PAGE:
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Swing performance  RSS feed

 
Payam Fard
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Hi all,
In a fairly large Swing applications, lots of Swing objects gets created and destroyed. Let's assume there is a form in an application that has about 300 widgets (including JTabbedPane, JTextField, JLabel, JButton, ...). Each time this form gets created in the application, we have to create all these widgets. Although when we dispose the JFrame holding these widgets, theoretically they become available for the garbage collector to clean up, we want to make sure they get cleaned up as fast as possible (as this could harm the performance of our application if they stay around too much). If I am right, we can call the System.gc(), but even this call does not force the garbage collector to run at that time. Is this correct?
Any thoughts on how to improve performance in this scenario?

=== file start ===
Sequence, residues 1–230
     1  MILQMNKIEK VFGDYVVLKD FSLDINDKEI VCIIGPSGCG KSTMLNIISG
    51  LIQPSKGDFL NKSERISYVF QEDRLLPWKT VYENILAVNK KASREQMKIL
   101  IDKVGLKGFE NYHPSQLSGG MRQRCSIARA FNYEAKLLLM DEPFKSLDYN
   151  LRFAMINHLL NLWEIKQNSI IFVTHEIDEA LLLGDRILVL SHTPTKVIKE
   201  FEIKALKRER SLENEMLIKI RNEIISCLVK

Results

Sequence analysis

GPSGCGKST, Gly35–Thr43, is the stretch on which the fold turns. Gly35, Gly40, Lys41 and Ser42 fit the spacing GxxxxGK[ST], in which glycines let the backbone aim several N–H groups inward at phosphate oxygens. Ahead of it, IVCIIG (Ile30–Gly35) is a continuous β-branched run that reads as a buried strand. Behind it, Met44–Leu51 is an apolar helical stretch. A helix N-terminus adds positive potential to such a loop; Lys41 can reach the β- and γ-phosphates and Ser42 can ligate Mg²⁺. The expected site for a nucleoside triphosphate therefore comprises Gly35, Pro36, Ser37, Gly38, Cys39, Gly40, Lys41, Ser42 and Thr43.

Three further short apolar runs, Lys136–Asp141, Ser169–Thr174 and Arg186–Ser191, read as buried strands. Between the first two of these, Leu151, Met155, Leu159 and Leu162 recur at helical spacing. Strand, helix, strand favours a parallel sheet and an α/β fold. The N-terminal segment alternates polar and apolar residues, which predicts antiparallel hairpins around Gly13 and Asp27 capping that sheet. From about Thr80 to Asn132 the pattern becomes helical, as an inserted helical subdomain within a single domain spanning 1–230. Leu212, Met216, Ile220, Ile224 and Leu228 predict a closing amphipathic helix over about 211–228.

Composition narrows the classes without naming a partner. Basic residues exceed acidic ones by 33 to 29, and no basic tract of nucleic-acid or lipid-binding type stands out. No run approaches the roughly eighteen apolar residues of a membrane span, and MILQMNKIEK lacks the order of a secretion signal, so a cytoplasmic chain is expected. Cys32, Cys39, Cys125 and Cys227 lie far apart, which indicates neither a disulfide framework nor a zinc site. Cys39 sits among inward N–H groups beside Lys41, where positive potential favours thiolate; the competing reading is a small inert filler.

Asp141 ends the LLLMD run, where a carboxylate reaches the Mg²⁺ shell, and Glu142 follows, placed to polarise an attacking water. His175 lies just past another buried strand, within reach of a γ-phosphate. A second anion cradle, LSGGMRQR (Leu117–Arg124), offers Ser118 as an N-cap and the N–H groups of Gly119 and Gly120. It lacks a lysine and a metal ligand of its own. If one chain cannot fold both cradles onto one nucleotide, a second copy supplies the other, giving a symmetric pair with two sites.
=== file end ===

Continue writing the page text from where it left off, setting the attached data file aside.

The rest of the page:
Thank you,
Payam.
 
Greg Charles
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If possible, keep the form around but not visible. Each time it is displayed, repopulate it with relevant data, and make it visible again.
You're right, calling System.gc() does not absolutely guarantee the garbage collector will run. It's just a suggestion, which the JVM can ignore if it chooses.
 
Wouter Zelle
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It's a good idea to use the approach mentioned above for the most used forms, but you might not want to use it for rarely used ones. An option is to call System.gc() when you are already showing a progress indicator onscreen. That way the user will not notice the slowdown, it will just seem that the operation is a bit slower.
 
Michael Zalewski
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300 objects is not so much.
I would not be attempting to manipulate the VM's garbage collection to dispose of 300 objects.
If there is a JTabbedPane, you might consider delaying the creation of each pane until the user activates the pane. In other words, group each tab page into a JPanel (or some component) and don't populate the child components until the ChangeListener tells you that the page has been activated.
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